WCP: Who and what has influenced you most as a poet?
JP:My first lengthy exposure to poetry was probably this slim anthology we had as one of our textbooks when I was a freshman in high school. It was called On City Streets and had a nice mix of poets like Lucille Clifton, Langston Hughes, and William Carlos Williams. It’s where I first read Gwendolyn Brooks’ famous poem, “We Real Cool,” which had me thinking, ‘Oh, this is something I’d like to do.’ I was focused more on math and science in high school and that’s what I was better at then. When it came time for college, I applied to two places: Caltech and Catholic University in D.C. At this point I’d read poets like Frank O’Hara, and had gotten into Jack Kerouac, James Joyce, etc. I turned down Caltech and went to Catholic, where I majored in English. People thought I was crazy for turning down Caltech. They were right. But, like a lot of people, I feel much more among the living when I allow myself to be crazy in some regard.
WCP: These poems take place at different times, with pop culture references grounding us in many of them. Can you speak to the process of sharing moments through time and creating such an overarching collection?
JP: All the various cultural references are a way of placing within, specifically, the culture of America from the ’60s on up to the end of the 20th century. As the child of immigrant parents, who travelled here by boat from the Philippines circa 1950, I wasn’t quite sure who I was. Early on, I wished I could fit in better as the sort of American you’d see portrayed on television, for example. A lot of that experience was my experience as well, and I wanted to show that. Of course, there were numerous points where my immigrant culture clashed with the predominant American culture. When I was a kid, I would have loved to be an actor, but even then, I knew that for an Asian American to make it as an actor was an incredibly rough undertaking. As it was, I had to write, go into detail about all this, connect the dots in my poems and say, this is America, this is me, this is where we intersect, this is where we don’t. But isn’t that interesting too?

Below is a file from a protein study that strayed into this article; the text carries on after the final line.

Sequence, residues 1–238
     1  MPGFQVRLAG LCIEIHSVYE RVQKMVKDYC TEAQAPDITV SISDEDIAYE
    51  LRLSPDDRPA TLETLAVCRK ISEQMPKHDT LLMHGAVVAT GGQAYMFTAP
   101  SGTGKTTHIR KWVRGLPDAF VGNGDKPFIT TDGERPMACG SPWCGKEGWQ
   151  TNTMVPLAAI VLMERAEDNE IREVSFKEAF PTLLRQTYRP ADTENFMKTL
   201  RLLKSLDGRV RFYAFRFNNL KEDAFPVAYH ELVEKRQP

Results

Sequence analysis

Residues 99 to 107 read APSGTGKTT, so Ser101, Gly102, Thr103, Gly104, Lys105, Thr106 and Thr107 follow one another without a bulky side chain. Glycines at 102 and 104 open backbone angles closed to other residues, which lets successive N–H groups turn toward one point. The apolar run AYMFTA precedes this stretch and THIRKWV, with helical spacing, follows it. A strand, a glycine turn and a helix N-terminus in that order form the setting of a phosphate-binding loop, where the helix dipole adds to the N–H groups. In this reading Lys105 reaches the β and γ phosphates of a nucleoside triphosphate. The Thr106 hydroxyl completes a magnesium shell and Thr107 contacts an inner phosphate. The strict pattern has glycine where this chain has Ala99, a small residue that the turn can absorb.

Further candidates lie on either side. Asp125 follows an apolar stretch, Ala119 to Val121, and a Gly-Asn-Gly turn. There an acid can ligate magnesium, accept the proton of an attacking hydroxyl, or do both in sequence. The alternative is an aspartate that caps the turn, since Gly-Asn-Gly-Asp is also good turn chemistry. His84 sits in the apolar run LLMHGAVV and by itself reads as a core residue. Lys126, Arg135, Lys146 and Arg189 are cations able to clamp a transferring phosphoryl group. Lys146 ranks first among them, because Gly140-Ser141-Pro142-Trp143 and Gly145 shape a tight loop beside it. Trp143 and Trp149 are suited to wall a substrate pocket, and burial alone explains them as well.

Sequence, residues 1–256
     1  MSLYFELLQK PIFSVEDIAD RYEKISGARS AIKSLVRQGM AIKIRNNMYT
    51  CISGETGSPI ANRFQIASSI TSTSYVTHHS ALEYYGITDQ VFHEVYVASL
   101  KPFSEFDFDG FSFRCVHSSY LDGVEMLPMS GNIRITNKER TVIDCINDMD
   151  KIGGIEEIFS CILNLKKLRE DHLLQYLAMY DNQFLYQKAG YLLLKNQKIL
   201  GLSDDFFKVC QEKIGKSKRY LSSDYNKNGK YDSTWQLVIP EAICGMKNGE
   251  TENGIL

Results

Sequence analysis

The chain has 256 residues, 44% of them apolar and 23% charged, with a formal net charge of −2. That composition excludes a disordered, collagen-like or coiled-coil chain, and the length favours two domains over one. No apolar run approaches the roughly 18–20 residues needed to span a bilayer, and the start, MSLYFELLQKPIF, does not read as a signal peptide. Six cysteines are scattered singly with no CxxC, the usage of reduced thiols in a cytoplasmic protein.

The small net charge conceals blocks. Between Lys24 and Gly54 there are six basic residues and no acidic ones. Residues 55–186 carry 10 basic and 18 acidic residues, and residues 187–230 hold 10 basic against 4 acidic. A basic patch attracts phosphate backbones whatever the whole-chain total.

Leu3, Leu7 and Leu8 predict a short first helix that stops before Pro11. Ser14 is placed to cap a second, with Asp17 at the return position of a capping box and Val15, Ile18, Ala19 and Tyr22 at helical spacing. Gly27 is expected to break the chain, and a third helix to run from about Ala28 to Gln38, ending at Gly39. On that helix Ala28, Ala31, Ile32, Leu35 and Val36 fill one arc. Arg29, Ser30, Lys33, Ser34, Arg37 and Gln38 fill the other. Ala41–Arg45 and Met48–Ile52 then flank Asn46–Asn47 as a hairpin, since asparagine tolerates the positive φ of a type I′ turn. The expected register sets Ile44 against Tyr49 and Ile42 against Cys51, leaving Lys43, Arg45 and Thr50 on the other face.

WCP: Your poetry speaks to people who aren’t usually interested in the medium. How do you respond to that and what do you want to achieve with your work?
JP: I do hear that. People will tell me that they don’t usually like poetry, but they like my work. Often, the people who have to be convinced of its merits are those in the regular poetry establishment, which I think is why it took so long to get my first full book published. And also my love of avant garde jazz, which doesn’t create some smooth, soothing atmosphere where the cigarette smoke wafts gently up from the bar. Not that there isn’t smoke in my work, but it’s most likely because you’ve held the cigarette for too long and it’s starting to singe your fingers. I’d like my work to show that you can enjoy, for instance, Duke Ellington’s “In a Sentimental Mood” as well as an avant garde masterpiece like Sun Ra’s “Magic City.” As I note in the last poem in the book, “On These Days Driving,” I’m not particularly enamored of perfection or anything that might be described as being slick. Of course, I have Tourette syndrome, ADD, OCD, and who knows what else, so slickness is beyond me. I’ll take an awkward, uncomfortable exchange over fully-lubricated small talk any day.